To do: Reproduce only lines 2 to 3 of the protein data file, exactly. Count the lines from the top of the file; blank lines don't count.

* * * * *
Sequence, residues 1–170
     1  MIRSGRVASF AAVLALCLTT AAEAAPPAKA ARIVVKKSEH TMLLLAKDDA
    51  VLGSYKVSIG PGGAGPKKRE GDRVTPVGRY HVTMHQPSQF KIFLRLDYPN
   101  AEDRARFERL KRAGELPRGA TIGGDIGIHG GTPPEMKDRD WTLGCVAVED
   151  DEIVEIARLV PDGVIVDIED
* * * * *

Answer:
     1  MIRSGRVASF AAVLALCLTT AAEAAPPAKA ARIVVKKSEH TMLLLAKDDA
    51  VLGSYKVSIG PGGAGPKKRE GDRVTPVGRY HVTMHQPSQF KIFLRLDYPN